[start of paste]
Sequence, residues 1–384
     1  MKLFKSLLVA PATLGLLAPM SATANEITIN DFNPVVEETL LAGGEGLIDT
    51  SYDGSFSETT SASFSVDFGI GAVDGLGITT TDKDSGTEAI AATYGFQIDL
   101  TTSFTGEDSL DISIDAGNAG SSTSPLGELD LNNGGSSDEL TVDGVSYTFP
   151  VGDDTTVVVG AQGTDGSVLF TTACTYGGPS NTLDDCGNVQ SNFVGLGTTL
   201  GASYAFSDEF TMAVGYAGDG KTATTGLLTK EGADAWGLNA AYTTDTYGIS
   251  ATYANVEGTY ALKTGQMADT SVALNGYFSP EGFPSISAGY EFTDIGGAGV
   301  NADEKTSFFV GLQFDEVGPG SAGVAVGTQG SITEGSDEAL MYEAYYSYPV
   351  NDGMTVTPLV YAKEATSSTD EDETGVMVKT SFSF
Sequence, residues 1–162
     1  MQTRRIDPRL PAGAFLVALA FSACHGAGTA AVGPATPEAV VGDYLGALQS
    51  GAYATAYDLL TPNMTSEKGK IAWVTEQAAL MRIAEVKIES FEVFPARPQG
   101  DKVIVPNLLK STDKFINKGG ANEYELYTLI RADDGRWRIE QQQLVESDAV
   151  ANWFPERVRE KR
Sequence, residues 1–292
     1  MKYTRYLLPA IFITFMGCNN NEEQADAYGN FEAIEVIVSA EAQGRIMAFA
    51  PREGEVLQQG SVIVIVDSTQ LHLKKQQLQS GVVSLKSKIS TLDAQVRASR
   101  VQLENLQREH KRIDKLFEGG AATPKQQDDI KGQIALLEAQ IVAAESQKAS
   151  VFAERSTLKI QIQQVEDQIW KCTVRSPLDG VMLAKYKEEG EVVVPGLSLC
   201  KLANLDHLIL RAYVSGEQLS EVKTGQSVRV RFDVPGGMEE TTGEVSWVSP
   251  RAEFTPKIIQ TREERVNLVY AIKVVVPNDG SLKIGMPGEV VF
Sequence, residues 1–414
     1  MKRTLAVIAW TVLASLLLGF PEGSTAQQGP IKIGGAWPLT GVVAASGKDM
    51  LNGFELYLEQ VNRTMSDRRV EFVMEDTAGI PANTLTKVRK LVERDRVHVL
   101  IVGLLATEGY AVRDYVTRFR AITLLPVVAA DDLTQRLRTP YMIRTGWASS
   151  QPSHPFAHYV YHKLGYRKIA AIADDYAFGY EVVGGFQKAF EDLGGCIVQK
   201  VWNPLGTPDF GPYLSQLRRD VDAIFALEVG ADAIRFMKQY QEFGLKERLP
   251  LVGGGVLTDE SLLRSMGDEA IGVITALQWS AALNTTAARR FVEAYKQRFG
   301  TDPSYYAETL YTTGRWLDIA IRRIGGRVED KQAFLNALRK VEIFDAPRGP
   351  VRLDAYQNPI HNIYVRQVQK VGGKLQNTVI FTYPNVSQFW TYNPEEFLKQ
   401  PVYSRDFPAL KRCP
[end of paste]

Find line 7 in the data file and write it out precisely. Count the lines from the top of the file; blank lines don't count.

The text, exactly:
   251  ATYANVEGTY ALKTGQMADT SVALNGYFSP EGFPSISAGY EFTDIGGAGV